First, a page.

Results Are Looking Promising for a Combined COVID-19 Vaccine

Among the anticipated benefits of dual immunization is the reduction of costs among health systems, which would contribute to low-income countries.
moderna vaccine for flu and covid
Moderna reported that the vaccine was tolerated in the groups to which it was administered. Adverse reactions were similar in the experimental and control groups, which reported feeling muscle aches, fatigue and pain at the injection site. (Photo: Reuters).

Moderna announced positive results for its phase 3 clinical trial of a combined vaccine against COVID-19 and influenza. So what exactly did the trial find? And what sort of impact would a two-in-one COVID-19 and flu vaccine have on public health? Jaya Dantas, International Dean of the Faculty of Health Sciences and Professor of International Health at Curtin University, explains the implications in detail.

Combination Vaccines Are Already Used for Other Diseases

Combination vaccines have been successfully used for several decades in Australia and around the world.

For example, the DTP vaccine, a shot that combines protection against diphtheria, tetanus and pertussis (whooping cough), was first administered in 1948.

The DTP vaccine has since been further combined to offer protection against other diseases. A hexavalent vaccine, which protects against six diseases – diphtheria, tetanus, pertussis, polio, hepatitis B and Haemophilus influenzae type b (an infection that can cause brain swelling) – is today part of routine childhood immunisation programs around the world.

Another important combination vaccine is the MMR vaccine, given to children to protect against measles, mumps and rubella.

So What Did the Trial Find?

Moderna’s phase 3 trial included roughly 8,000 participants across two age groups. Half were adults aged 50 to 64. The other half were aged 65 and up.

In both age groups, participants were randomised to either receive the combined vaccine (called mRNA-1083) or a control. The control groups received a COVID-19 vaccine and a suitable flu vaccine delivered separately.

The control group in the 50-to-64 age category were given the Fluarix flu vaccine, as well as Moderna’s mRNA COVID-19 vaccine, Spikevax. The over-65 control group received Spikevax alongside Fluzone HD, an enhanced flu vaccine designed specifically for older adults.

The study evaluated safety, including any reactions after vaccination, and the protective immune response the vaccines produced.

Moderna reported the combined vaccine elicited a higher immune response in both age groups against COVID-19 and three influenza strains, compared to the co-administered shots.

From a safety perspective, the combined vaccine was well tolerated. Adverse reactions were similar across the experimental and control groups. The most common side effects included muscle aches, fatigue and pain at the injection site.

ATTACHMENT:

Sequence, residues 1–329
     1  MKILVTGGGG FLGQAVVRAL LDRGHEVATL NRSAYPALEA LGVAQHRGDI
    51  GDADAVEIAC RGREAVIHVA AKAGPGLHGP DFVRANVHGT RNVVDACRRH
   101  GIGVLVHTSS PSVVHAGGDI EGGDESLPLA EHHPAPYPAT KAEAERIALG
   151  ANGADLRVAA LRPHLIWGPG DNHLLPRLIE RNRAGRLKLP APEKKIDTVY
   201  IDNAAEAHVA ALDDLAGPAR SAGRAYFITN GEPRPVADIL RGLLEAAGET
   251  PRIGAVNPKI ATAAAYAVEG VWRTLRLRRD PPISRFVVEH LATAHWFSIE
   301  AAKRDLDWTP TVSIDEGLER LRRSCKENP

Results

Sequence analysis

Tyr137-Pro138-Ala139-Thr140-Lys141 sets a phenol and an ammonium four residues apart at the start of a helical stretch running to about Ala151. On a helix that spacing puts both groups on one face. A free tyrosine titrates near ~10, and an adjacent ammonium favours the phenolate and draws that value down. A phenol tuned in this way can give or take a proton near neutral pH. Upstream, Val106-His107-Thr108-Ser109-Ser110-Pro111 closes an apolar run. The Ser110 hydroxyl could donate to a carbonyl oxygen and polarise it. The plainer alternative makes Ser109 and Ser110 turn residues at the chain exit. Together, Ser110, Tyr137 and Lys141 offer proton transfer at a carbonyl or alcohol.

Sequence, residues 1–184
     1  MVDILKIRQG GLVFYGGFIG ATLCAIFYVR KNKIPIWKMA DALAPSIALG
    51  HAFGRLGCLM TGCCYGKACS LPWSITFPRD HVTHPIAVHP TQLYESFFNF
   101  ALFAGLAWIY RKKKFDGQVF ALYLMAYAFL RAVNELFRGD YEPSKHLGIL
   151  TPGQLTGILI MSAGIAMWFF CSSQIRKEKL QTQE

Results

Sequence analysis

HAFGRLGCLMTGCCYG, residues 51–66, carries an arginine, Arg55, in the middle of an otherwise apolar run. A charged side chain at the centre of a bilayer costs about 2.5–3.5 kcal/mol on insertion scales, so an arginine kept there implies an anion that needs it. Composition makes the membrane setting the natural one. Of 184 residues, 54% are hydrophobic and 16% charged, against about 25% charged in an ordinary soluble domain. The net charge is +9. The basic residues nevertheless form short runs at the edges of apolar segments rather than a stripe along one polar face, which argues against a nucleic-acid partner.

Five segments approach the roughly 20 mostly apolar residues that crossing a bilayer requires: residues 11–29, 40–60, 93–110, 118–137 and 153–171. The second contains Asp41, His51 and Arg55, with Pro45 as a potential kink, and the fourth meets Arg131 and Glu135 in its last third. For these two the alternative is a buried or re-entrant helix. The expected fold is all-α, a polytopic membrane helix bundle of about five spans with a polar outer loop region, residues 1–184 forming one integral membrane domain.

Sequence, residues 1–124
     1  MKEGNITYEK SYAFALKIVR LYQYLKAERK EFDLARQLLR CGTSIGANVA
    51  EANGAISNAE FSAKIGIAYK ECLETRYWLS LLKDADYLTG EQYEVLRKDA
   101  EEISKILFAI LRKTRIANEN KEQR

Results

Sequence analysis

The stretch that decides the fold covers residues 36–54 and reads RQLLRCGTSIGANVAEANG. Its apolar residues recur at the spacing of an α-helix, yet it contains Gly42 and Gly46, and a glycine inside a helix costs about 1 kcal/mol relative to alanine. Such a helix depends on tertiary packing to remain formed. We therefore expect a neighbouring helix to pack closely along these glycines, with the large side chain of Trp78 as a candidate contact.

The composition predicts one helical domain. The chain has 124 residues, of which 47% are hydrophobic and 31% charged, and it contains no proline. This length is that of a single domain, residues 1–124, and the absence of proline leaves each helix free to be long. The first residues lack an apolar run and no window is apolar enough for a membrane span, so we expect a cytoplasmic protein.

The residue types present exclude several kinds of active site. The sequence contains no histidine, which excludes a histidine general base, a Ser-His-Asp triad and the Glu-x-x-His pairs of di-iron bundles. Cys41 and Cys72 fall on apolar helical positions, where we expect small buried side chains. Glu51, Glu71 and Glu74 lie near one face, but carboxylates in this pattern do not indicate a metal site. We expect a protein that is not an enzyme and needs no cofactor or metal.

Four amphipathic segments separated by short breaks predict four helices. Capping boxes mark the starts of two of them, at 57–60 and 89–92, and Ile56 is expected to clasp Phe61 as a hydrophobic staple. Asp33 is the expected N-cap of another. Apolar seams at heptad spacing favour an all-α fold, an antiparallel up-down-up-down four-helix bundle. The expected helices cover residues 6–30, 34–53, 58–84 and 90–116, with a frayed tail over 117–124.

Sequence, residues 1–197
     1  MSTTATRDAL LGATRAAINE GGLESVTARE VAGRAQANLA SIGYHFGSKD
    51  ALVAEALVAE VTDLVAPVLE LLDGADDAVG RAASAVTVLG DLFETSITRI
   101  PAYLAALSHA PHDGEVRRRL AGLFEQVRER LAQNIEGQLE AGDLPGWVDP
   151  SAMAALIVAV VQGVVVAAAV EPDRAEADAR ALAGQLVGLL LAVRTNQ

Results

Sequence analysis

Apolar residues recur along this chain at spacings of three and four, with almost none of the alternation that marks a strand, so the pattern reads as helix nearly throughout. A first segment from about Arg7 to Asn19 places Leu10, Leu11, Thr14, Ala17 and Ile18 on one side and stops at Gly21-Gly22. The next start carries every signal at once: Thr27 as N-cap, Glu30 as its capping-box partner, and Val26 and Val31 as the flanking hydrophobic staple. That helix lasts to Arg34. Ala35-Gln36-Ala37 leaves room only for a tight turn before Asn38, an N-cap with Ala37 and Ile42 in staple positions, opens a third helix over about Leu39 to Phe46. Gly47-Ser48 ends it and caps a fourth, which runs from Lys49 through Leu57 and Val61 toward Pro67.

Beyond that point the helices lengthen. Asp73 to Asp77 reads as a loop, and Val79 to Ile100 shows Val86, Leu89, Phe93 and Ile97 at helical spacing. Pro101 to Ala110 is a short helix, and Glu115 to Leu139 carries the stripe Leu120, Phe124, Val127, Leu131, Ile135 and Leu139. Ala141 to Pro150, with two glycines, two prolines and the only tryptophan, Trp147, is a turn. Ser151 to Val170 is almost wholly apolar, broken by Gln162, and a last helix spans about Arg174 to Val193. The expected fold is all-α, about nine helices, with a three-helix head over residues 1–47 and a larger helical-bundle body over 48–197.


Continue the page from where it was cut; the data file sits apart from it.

While the trial results are promising, they are yet to be published in a peer-reviewed journal, which means independent experts haven’t yet verified them. And further research may be required to test how the combined vaccine works in younger age groups.

What Are the Advantages of Combined Vaccines?

We cannot overstate the importance of vaccines. Each year they prevent up to 5 million deaths around the world from a range of life-threatening infections.

At the same time, we can always do more to boost vaccination uptake, especially in areas with fewer resources and among vulnerable populations.

Combination vaccines have a variety of advantages. For example, the need for fewer injections reduces costs for health systems, decreases storage requirements and reduces the burden on parents. All of these things can be especially valuable in low-income countries.

Notably, research shows combination vaccines make it more likely people will take up routine vaccinations.

Two Important Diseases

Every year, particularly during the winter months, millions of people contract respiratory infections.

According to the World Health Organization (WHO), globally, roughly 3 million to 5 million people experience severe influenza annually, and around 650,000 people will die from the disease.

COVID-19 has resulted in more than 7 million deaths around the world to date.

As the COVID-19 pandemic has continued, we’ve seen pandemic fatigue setting in, as some people appear to have become complacent about their COVID shots. A 2023 study in Australia found 30% of the surveyed population were hesitant about and 9% were resistant to taking COVID-19 boosters.

Uptake of the flu vaccine, which many people are in the habit of getting annually, may be higher. That said, in Australia the current flu vaccine rates for 2024 are still fairly low: 53% for adults over 65 years, 26% for those aged 50 to 65, and lower for younger age groups.

A two-in-one COVID-19 and flu vaccine could be an important public health tool to increase vaccine coverage against these two important diseases. Beyond protecting individuals’ health, this would have flow-on benefits for the economy and our health system.

Moderna said it will present its trial data at an upcoming medical conference and submit it for publication. The company has also said it will soon apply for regulatory approval, with the possibility of supplying the combined vaccine in 2025.

At the same time, Pfizer and BioNTech also have late-stage trials in progress for a combined COVID-19 and flu vaccine. We will await further developments with interest. (Via the Conversation.)

Related news
Related videos
Play Video

Did you like this content? Share it!​